LCHM Winter18 - 21

L C M E D S O C .O R G

the implications involved at the interface of
society, neuroscience, and health by leading
research projects on poverty and pediatric
brain development at the Children's Hospital
of Philadelphia."
Elena says that for more than 50 years,
her parents shared offices on the first floor
of the family home practicing the "art
of medicine," seeking to contribute in a
positive way to the development of patients
and their families. Their patients were their
friends, and medicine became an integral
part of daily life. Telephones were constantly
ringing and their two waiting rooms were
"standing room only." They took their time,
focusing on each patient as if they were part
of the family. Elena's husband, Joseph Pascal,
MD, fondly recalls his first meeting with
his future mother-in-law. "She was cradling
a phone in one hand giving insulin orders,
while stirring the batter for a cake in the
other." At a time when women were a rarity
in medicine, Dr. Siegfried was a pioneer.
Elena says, "Our father was a storyteller.
His flamboyant, outgoing personality,
coupled with his colorful tales of his life in
the melting pot of New York's Lower East
Side, amused his patients and colleagues.
He never seemed to need sleep, spending
hours on end in the hospital or his office.
He welcomed thousands of babies into
the world, and cared for many patients
by serenading them with his rendition of
'Santa Lucia.'"

Elena Pascal presents the scholarship award to Lucas T. Wittman.
scarcity of low-cost sources of funding,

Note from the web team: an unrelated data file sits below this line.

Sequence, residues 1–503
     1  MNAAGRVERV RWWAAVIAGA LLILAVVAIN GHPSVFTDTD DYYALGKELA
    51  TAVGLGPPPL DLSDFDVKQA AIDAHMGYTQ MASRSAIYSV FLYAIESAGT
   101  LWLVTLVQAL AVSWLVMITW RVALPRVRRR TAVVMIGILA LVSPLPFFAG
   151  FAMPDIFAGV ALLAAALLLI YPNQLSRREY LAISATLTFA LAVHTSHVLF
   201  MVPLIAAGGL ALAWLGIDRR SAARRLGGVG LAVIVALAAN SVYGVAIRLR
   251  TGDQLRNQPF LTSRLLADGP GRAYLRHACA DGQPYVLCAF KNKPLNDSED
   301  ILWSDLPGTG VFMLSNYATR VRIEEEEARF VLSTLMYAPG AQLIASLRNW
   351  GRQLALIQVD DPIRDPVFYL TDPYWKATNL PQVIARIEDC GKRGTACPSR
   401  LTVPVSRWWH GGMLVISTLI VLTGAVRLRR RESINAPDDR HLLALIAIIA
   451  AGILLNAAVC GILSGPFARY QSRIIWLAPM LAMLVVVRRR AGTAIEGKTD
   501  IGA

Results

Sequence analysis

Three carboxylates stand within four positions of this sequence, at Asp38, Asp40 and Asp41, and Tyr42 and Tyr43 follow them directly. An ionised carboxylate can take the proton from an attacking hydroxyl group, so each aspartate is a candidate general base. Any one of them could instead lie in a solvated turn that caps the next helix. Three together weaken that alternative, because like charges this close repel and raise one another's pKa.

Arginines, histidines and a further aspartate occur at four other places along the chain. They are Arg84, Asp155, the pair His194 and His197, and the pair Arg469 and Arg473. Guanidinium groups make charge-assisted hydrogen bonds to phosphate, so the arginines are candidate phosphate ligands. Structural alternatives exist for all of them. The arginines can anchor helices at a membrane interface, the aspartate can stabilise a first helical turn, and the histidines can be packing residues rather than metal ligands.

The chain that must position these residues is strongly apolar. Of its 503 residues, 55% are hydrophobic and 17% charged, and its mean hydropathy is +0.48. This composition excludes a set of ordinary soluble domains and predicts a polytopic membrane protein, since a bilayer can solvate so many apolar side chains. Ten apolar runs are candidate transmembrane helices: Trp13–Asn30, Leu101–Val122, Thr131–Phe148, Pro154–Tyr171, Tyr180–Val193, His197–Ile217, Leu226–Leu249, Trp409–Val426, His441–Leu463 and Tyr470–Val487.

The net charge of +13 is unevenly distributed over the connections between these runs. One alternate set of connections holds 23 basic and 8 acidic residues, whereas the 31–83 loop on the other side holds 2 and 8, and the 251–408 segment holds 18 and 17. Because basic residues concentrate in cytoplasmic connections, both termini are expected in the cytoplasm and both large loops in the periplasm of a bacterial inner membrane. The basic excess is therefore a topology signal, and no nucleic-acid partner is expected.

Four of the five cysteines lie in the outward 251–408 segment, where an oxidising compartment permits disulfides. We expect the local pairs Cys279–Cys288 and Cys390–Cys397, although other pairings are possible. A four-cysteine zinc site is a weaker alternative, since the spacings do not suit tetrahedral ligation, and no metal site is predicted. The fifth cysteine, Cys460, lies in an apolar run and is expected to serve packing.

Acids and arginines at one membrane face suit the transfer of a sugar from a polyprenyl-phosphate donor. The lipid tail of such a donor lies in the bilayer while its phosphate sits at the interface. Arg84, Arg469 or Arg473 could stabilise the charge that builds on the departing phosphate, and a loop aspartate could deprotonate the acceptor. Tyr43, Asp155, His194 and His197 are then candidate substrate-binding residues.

obtaining a medical education becomes
increasingly difficult.

to us, and we have encouraged them to also
contribute so the fund will continue to grow,
helping more students," says Elena.

Through this endowment, there is hope
for medical students to achieve their dream.
Today's high cost of a medical education "My husband and I are charitably inclined so
can sometimes prevent someone from when we reviewed our estate plan, we chose
attaining the dream of becoming a doctor. to give a planned gift to the Foundation.
The average, annual medical school tuition After our deaths, these assets will be used
and fees has risen from $16,301 in 1990 to continue this scholarship fund. My sons
to $46,963 in 2016. Coupled with the understand that this endowment is important

The Foundation, a nonprofit affiliate
of Pennsylvania Medical Society, sustains
the future of medicine in Pennsylvania by
providing programs that support medical
education, physician health, and excellence
in practice. It has been helping finance
physician education for more than 60 years.


and click on "Where are they Now" under Student Financial
Services to read about scholarship winners.

Call the Philanthropy Department at (717) 558-7846.

WINTER 2018 | Lehigh County Health & Medicine 21


Table of Contents for the Digital Edition of LCHM Winter18

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